If an American film of the '60s had shown so many bored, rich idlers at a spa, it would have been to satirize them. We were used to the easy, pointed farce of the arrogant rich at the opera, but when it came to "serious" cinema, we expected deep, psychological dramas to take place in spare Swedish rooms, ringing with silence and nearly empty of furniture, just as the women's Protestant faces were scrubbed clean of makeup. But here were these stylish mannequins, these expressionless figurants, devoid of personal expression though moving about, perhaps, as pawns in some strange game devised by Resnais and Robbe-Grillet. The look of rebellion and artistic experiment in America was shaggy and tie-dyed, the bodies half-starved, not coiffed and costumed.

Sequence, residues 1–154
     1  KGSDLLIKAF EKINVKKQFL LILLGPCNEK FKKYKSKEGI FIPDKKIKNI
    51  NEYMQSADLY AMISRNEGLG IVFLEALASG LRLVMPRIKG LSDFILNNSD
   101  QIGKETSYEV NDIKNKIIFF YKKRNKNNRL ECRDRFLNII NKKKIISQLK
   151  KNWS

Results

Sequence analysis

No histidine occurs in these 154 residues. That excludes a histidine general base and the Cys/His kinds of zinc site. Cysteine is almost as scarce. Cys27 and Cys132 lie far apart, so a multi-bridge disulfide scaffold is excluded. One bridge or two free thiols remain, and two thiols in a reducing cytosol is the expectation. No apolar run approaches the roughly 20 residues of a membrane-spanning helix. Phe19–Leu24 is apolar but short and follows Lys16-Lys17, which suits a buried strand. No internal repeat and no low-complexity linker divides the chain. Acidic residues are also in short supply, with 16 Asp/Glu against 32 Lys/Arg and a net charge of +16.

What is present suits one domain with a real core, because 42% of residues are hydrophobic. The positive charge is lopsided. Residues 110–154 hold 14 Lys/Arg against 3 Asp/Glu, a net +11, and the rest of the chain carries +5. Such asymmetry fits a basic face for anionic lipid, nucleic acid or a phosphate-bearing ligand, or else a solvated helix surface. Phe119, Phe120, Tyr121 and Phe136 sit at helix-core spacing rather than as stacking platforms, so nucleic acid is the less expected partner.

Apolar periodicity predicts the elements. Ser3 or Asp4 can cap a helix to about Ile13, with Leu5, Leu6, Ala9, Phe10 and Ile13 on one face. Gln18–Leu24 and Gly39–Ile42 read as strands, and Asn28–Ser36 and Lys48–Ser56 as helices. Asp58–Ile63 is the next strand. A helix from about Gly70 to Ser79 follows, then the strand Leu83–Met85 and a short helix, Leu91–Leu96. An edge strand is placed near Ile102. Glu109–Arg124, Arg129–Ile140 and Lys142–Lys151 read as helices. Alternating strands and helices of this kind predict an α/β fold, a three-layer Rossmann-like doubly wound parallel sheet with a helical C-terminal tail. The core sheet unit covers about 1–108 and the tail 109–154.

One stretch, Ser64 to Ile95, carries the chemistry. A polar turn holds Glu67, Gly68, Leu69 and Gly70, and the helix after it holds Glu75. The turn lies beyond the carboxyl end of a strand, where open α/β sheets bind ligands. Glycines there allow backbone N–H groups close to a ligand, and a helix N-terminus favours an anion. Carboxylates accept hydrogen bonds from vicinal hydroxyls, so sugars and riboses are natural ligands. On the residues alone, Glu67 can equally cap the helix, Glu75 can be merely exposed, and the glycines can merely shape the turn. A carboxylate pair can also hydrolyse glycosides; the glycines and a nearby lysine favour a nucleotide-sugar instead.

Later in the '60s, I read "Jealousy," which for me confirmed Robbe-Grillet's reputation as a cool, even cold avant-garde novelist, one who headed that most Gallic of all things, a literary movement or school. In the United States we had isolated experimental writers--John Barth, Donald Barthelme, Thomas Pynchon--but Barth's best-known experiment, "The Sot-Weed Factor," had been an act of mimicry, the re-creation of an English 18th-century novel, whereas Barthelme had worked out a Rube Goldberg sort of prose that produced brilliant non sequiturs, played freely over the whole keyboard of a cultured mind--and even reworked classic fairy tales (something Robert Coover also did). Pynchon, clearly the giant of the group, wrote with "Gravity's Rainbow" a homemade masterpiece in the line of "Moby-Dick" that, like Melville's book, mixed in technical information with apocalyptic visions and that, like Joyce's "Ulysses," proceeded through pastiche and collage. Pastiche--whether of early English novels, fairy tales or (in "Gravity's Rainbow") of Hitler's prose, Rilke, English World War II fiction, comic strips and bawdy songs--was obviously important to postmodernist American writing.